Alberto Uribe-Echevarría Discusses Lezama, Finances, And The Grada De Animación
Athletic Club have officially presented Alberto Uribe-Echevarría and Aitor Elizegi as Presidential candidates for the elections on 27 December. With two weeks until the voting takes place both candidates will be ramping up their campaigns in hopes of winning over Socio support. Uribe-Echevarría recently sat down for an interview with Ángel Pereda and Robert Basic of El Correo and answered the following questions about his thoughts on the state of Athletic.
How were you after Monday’s game?
“It was an awesome experience. I had not been to my town for seven and a half years. I was with my son, my daughter and some friends. When Aduriz scored the goal I felt like an Athletic player. Everyone embracing each other felt like you were in a cloud. The game and the atmosphere were great. A match to remember.”
How are you convincing the Socios to vote for you on 27 December?
“The Socios and partners of Athletic have objective advantages if we are elected. We have the illusion, the enthusiasm, the rhythm, the ideas, we know what needs to be improved, what needs to be changed, what has to be stopped. We have the projects and the accumulated experience that is very important at this point.”
Are you the PNV candidate?
“Ask them. I do not play these games. More than talking about groups, we have to talk about specific people. There will be people within each sensibility who prefer that we are the chosen ones, and other people who will think it is Elizegi.”
You have put a lot of emphasis on saying that you don’t consider yourself a continuist and that you are not Urrutia. Why do you run from this label if the club is coming from a great time in which everything, sports and economics, has gone great these last eight years?
“I’m not stupid. The term continuist is spoken of as more of the same, which has not changed anything. We, from the past, have many good things: rigor, transparency, putting the Socios ahead of yourself, but each leadership is different. That’s why I want to make it clear that I’m not the same as anyone else. I am not Josu Urrutia neither for the good nor for the bad. I’m me. I have my own way of living, my own way of leading. I’ve been leading elite teams for 35 years. I know how it is done, I know how to set an example. I want to reclaim my space.”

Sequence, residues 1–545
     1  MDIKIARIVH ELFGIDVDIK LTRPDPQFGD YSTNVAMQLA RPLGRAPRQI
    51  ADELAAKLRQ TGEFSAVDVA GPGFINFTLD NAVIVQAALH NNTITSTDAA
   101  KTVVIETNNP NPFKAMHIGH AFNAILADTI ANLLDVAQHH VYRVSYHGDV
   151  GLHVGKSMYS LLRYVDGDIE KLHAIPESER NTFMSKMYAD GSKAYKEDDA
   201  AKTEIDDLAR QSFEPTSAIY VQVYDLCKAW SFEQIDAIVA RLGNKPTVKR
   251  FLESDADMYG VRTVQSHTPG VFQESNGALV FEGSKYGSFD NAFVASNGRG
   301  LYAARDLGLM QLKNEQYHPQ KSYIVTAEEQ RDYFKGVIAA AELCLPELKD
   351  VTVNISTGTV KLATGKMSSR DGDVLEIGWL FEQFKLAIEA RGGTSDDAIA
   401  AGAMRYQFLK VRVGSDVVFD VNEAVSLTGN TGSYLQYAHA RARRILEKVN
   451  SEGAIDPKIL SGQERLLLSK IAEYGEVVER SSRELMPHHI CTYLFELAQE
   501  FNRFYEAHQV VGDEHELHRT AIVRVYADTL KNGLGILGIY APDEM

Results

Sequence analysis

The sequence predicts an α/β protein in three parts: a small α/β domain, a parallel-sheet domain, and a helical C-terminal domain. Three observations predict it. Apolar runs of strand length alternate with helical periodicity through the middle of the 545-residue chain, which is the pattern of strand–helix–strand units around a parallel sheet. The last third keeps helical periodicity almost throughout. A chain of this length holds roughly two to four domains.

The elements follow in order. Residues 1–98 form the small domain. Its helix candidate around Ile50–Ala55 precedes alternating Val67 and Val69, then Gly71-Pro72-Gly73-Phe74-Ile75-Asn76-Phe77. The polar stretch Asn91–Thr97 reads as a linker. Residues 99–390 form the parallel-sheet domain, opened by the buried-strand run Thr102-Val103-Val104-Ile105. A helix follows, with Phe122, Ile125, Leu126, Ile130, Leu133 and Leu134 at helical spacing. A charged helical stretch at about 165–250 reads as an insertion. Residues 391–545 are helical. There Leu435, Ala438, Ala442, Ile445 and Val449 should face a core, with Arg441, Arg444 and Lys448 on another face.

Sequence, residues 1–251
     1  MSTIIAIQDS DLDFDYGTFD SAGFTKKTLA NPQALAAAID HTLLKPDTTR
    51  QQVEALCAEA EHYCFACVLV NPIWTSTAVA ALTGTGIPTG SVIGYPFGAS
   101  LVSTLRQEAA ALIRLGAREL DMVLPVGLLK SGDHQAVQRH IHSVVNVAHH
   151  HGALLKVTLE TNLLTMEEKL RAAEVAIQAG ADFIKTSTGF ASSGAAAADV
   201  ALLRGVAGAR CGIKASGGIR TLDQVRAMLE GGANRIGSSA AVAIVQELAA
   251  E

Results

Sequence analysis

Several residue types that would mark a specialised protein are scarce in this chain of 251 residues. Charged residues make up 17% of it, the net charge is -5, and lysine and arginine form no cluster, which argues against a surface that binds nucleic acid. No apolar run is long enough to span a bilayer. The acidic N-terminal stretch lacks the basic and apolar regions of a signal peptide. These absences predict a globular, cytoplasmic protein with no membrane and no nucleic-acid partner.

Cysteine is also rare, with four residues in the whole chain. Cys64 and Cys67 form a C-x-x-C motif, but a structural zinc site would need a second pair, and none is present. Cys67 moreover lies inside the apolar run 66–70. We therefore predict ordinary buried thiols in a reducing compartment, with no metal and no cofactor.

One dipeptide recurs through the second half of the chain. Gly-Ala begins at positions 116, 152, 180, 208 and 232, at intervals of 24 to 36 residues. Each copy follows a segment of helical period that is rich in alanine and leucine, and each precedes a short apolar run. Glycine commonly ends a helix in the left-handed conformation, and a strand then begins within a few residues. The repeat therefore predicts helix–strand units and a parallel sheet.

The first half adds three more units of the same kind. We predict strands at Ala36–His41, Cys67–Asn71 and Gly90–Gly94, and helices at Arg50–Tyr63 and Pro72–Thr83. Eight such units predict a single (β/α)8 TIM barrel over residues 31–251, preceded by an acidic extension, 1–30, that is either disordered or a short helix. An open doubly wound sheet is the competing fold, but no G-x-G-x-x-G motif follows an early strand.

What would you say has been the greatest success of the outgoing Board of Directors?
“We have been rigorous with the accounts, and transparent. Our accounts, and it was not the usual practice, go without qualifications. We have broken down information to the Socios that had never been shared. We did what we said we were going to do. We have also made mistakes.”
Was one of those mistakes closing the Oyón School and leaving children without the possibility of fulfilling the dream of one day playing for Athletic?
“Oyón’s school was not ours. It was an agreement with another club and it hasn’t been closed. What was done was to warn those people of what could not be, that we couldn’t create a school in Oyón and the people believe that it could fit into the philosophy of Athletic when it wasn’t like that. It couldn’t be a trap or a betrayal of the philosophy. The Oyón school is still running through it’s mother club.”
To which only six or seven boys attend…
“In the end the philosophy is what it is. Anything that is a betrayal of the philosophy should be avoided.”
What is your diagnosis of the serious sporting crisis?
“We had a coaching group with a defined style. The players bought it, they embraced it. They were not happy with the dismissal of Berizzo. With Garitano and Ferreira we will go ahead and soon we will be up.”
This question was asked to you in an interview last week. If the best Athletic players leave, where will we go? Players leaving is a fact and it is evident that will continue to leave.
“You are anticipating things that may not happen.”
So far it has been like this.
“Preventing that from happening is everyone’s task. The club values them and pays them adequately.”
Do you think that if a great player comes from Lezama, one who can be an international, will stay at Athletic?